THAILAND

Elephant Nature Park and Chiang Mai

with Alyson Atma Simms

February 10-20, 2018

The heart of this adventure will be volunteering at Elephant Nature Park – a educational sanctuary for the endangered Asian elephant (among many other rescued animals!).  We’ll spend 2 nights in Chiang Mai before heading to to ENP for 7 days of seva (“selfless service”).  We’ll conclude with 2 additional night in Chiang Mai visiting beautiful Buddhist Temples and getting a taste of Northern Thai culture.

Vacation Details

Itinerary:

Saturday, February 10th – Arrivals in Chiang Mai
Note: you may have to leave the US on February 8 or 9, and arrivals are often late night.
Transfer to CM 4* hotel – Rarin Jinda. Depending on arrivals, we’ll connect as we can and perhaps share dinner together.  We will all meet at breakfast on the the 11th.

Sunday, February, 11th
Meet with the group.  Acclimate. Simple walking tour.
Breakfast and Dinner included.

Monday, February 12th
Morning pick up and transfer to Elephant Nature Park!

Monday, February 12 – Sunday, February 19th
We will be amongst the volunteers for the week.  They will provide a schedule of service, and we will be of service.  Couples will recede a small private room. Others will be in rooms shared with 3, 4 or 5 others.Bathrooms  and showers may be attached or just outside. Private shower rooms and bathroom stalls. Abundant vegan meals are included.
We will schedule a group yoga class, likely each afternoon, or as our schedule permits. Please bring a travel yoga mat.
This is our pleasure to assist in any way needed.  Please be prepared to be a volunteer – there are videos included to give you an idea of what to expect.

Sunday February 19th – transfer back to Chiang Mai Hotel, group dinner.

Monday, February 20th – Chiang Mai temple tour (Doi Suthep the golden temple), famous night markets. Breakfast and group dinner included.

Tuesday, February, 21st – Transfers back to airport.  Evening flights provide another day for explorations.

Participants are welcomed to add days on the front or back end at their own expense. 

Read more about the Asian Elephant ...

There are two different species of elephant – the African (Loxodonta africana) and the Asian variety (Elephas maximus). The former is larger and there are a few distinct differences. The African species numbers are estimated at approximately 500,000 whilst the Asian variety has fallen to an disturbingly low estimated figure of below 30,000.

There are a number of elephant races within the Asian species. For instance the Indian elephant, is bigger, has longer front legs and a thinner body than their Thai counterparts. As the park deals exclusively with Thai elephants we will concern ourselves with this particular order. The facts are, however, generally applicable to all types of Asian Elephant.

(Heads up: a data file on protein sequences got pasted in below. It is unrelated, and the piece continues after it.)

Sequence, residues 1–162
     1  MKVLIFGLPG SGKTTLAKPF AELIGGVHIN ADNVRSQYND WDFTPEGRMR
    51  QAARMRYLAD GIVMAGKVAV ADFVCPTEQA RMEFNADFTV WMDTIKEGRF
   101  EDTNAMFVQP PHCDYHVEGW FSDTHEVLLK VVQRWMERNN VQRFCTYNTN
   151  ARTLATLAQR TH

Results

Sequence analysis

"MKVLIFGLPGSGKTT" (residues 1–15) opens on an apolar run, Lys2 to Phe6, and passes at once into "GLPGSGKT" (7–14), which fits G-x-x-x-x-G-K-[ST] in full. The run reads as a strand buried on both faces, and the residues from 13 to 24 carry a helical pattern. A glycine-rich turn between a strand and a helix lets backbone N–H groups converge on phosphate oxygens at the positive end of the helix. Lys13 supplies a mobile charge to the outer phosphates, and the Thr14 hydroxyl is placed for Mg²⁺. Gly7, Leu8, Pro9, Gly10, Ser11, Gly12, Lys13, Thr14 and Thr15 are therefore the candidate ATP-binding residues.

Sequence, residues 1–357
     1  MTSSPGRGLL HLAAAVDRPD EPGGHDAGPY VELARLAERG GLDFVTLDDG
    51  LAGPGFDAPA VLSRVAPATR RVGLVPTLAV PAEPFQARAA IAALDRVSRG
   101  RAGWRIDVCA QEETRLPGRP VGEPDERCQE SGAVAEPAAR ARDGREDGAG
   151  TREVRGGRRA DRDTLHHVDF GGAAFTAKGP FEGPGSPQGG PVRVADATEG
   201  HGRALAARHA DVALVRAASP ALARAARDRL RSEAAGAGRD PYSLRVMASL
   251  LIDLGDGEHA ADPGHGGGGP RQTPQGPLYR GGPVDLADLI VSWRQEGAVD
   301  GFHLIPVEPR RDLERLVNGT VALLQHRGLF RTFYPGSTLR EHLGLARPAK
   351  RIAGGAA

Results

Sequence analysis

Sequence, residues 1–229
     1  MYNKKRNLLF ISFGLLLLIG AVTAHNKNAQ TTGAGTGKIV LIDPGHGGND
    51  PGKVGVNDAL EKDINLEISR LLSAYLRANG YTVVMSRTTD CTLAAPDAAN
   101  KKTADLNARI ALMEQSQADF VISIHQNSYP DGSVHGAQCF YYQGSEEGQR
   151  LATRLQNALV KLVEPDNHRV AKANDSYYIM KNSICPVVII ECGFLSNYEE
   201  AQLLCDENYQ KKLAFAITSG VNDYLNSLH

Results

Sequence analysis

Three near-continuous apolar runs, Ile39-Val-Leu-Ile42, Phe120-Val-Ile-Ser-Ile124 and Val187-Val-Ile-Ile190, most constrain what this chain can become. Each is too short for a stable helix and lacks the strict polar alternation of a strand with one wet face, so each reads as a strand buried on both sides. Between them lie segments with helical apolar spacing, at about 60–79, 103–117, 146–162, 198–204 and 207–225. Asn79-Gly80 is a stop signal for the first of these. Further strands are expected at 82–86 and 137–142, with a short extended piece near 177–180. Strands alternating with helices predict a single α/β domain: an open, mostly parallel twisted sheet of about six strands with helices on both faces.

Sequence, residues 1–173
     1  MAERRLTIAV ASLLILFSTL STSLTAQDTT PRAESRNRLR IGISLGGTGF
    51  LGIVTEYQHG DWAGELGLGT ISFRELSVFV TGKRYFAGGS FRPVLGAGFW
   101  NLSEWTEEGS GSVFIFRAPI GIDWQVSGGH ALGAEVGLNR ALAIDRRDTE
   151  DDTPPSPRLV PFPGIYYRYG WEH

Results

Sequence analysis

Various authorities differ somewhat on exact details. Using our own experience and taking into account numerous sources we present you with our own interpretation. Elephants, like human beings, can and do vary in many characteristics, emotions and personality.

Asian Elephants – Existing Numbers

The Asian Elephant, still known to many as the Indian Elephant, is officially an endangered species. Present numbers have dropped to an alarmingly low level with estimates of under 30,000 left in the entire world. This disturbingly small number of survivors is epitomised by the fact that these gentle beast have been exterminated from large areas of their former habitat.

In Thailand there is an estimated 3,000-4,000 elephants. Around half of this number are domesticated, the remainder living wild in National Parks Reserves. Some 300 are suffer under appalling conditions in Bangkok.

It is notable that at the start of the 20th century (1900 AD) over 100,000 elephants graced the Siamese (Thai) countryside.

Elephant Abuse

They are forced to walk on hot tarmac roads by gangs of elephant owners and beg for fruit and food.  The owner of often buys the elephant purely to obtain begging money from sympathetic passers by. As he has scant experience with  animal training, the hapless creature is cruelly treated and beaten as the rider becomes impatient.  In the city the animal cannot possibly get the 200-300 kg of food and 100-200 litres of water necessary for it’s daily nourishment so it plods the hot polluted streets, thirsty hungry and confused.  These animals quickly suffer from stress through polluted air, poor diet, dehydration, loneliness and their sensitive ears are soon damaged.  Much of the fruit purchased from local sellers has been treated with chemicals and causes serious stomach problems and eventually death.

Other forms of, less apparent abuse come in the form of pet baby elephants featured at hotels and entertainment complexes. Although the animals may seem happy enough they are invariably fed the wrong diet, suffer from loneliness and boredom and will soon die. Many unwitting tourists, delighted at the sight of a “cute” baby elephant, are completely unaware that the lifespan of the creature is likely to be only a few years.